Pine Drift Wood? - The Planted Tank Forum
 
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post #1 of 9 (permalink) Old 07-19-2010, 06:23 PM Thread Starter
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Pine Drift Wood?

I have heard some things about Needle trees releasing resine (sap) into the water if used as Drift Wood.

My fist question: Is this a fact? Can someone share a link?

Second and more important question: I went hiking up to some glaciers deep in the Uinta mountains and found some amazing pieces of drift wood. The wood has likely been up there for 10+ years... The pieces are sun bleached white and have probably been through hell over the years. Chances are its Pine (or a similar tree sp.) Will wood of that age leach (possible) resin/sap into the water?

My gut tells me wood of that age would be fine no matter what.

Any other Thoughts?
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post #2 of 9 (permalink) Old 07-19-2010, 06:38 PM
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IDK about the resins in the wood, but pine is a softwood, so it might not last as long as manzy or other hardwoods.

-Chris

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post #3 of 9 (permalink) Old 07-19-2010, 07:06 PM Thread Starter
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IDK about the resins in the wood, but pine is a softwood, so it might not last as long as manzy or other hardwoods.
I got the gnarled, ancient pieces that are hard as rock.
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post #4 of 9 (permalink) Old 07-19-2010, 07:46 PM
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I would grab some and sink it in a 55 gallon drum for a few weeks just to see what happens. I think if its 10+ years old you should be ok.
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post #5 of 9 (permalink) Old 07-19-2010, 08:26 PM Thread Starter
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I would grab some and sink it in a 55 gallon drum for a few weeks just to see what happens. I think if its 10+ years old you should be ok.
I was planning on keeping it in a 5 gallon bucket. I was curious as to exactly what I check for? Just a ph change?
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post #6 of 9 (permalink) Old 07-20-2010, 01:21 AM
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I dont think it would do anything but slightly drop the PH. If your worried about it leaching some sort of sap put it in your 5 gallon bucket with hot water and see if the wood bleeds sap if it doesnt then I think your good to go. This is what I would do maybe someone else has experience with pine that can be more helpfull.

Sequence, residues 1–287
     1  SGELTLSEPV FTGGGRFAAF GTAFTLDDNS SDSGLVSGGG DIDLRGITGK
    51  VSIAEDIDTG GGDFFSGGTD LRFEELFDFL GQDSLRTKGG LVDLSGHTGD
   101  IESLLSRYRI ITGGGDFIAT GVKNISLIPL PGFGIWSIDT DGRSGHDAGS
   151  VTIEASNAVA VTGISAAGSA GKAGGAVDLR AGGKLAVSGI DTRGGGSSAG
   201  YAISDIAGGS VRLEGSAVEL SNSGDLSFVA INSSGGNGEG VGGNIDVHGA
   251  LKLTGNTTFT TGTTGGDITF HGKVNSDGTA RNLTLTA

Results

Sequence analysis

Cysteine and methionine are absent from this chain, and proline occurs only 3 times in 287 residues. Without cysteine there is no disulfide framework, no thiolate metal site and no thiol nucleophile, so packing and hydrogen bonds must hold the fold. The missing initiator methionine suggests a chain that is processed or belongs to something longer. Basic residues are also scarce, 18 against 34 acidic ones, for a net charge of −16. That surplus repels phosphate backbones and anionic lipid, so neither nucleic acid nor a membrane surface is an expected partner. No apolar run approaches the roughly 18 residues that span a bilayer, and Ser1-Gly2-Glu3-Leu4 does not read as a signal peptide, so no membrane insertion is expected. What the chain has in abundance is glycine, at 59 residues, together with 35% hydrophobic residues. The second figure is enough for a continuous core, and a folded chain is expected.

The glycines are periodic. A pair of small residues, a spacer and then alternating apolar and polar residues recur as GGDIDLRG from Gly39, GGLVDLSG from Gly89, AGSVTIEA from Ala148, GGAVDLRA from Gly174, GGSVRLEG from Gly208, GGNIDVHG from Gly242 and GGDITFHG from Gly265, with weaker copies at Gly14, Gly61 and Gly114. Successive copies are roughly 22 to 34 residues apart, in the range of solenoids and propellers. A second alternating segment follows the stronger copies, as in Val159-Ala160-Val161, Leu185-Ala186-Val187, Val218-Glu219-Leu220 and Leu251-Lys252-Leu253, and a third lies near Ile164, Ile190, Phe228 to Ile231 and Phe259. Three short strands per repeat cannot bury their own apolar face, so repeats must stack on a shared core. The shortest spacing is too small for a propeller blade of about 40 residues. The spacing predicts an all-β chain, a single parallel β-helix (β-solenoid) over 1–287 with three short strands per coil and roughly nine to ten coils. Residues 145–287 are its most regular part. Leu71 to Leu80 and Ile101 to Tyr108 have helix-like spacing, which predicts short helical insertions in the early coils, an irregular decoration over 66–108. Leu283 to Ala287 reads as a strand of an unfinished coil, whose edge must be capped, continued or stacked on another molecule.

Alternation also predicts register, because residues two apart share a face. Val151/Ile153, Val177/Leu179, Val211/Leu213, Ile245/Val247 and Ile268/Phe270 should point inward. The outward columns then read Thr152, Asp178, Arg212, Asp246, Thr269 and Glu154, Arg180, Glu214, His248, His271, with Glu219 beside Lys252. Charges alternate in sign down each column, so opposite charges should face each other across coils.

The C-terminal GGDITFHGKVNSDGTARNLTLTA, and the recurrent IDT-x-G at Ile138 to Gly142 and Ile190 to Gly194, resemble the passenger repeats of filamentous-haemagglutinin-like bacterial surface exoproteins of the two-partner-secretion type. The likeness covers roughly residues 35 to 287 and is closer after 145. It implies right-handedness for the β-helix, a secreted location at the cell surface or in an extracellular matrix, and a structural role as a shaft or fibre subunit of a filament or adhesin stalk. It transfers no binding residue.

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post #7 of 9 (permalink) Old 07-20-2010, 01:39 AM
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I got the gnarled, ancient pieces that are hard as rock.
Uath, yep, these will work if they sink.
Soak good.

Chose only long dead, well weathered pieces, denser the better.

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post #8 of 9 (permalink) Old 07-20-2010, 04:14 PM
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I've used long dead cedar roots before because they have good color and look super gnarly!
I soaked it all and threw away pieces along the way if they got too soft. The densest and hardest pieces were left after about 2 months.
I discovered through experimentation that you can cut the soak time down to about 1/4 by adding lots of baking soda to the water throughout the process. It will react with the acids and foam and fizz.
The baking soda neutralizes some of the acids and allow more to be leached out in a shorter period of time.
Boiling works wonders if a piece is small enough. Fill a pot with water, throw in the wood and something to hold it down, boil for awhile, dump stained water, add more water, keep boiling. Repeat that for about 3 hours or until it won't leech much more color.

The resins and sap crystallizes when the wood dies so the boiling melts it and heats the air inside of the wood, forcing it out, and allowing water to penetrate the wood very quickly. I also store smaller specimen pieces of driftwood in large ziplock bags by boiling them and putting them in the bag and then pouring the boiling water into the bag. That way the wood and the water is sterile so no fungal or bacterial growth occurs and you can save the wood for use even a year later. Great for Moving!
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post #9 of 9 (permalink) Old 07-20-2010, 04:51 PM Thread Starter
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Thank you all! This was exactly what I wanted to hear! These pieces look so amazing and I am glad they will be safe in a tank.
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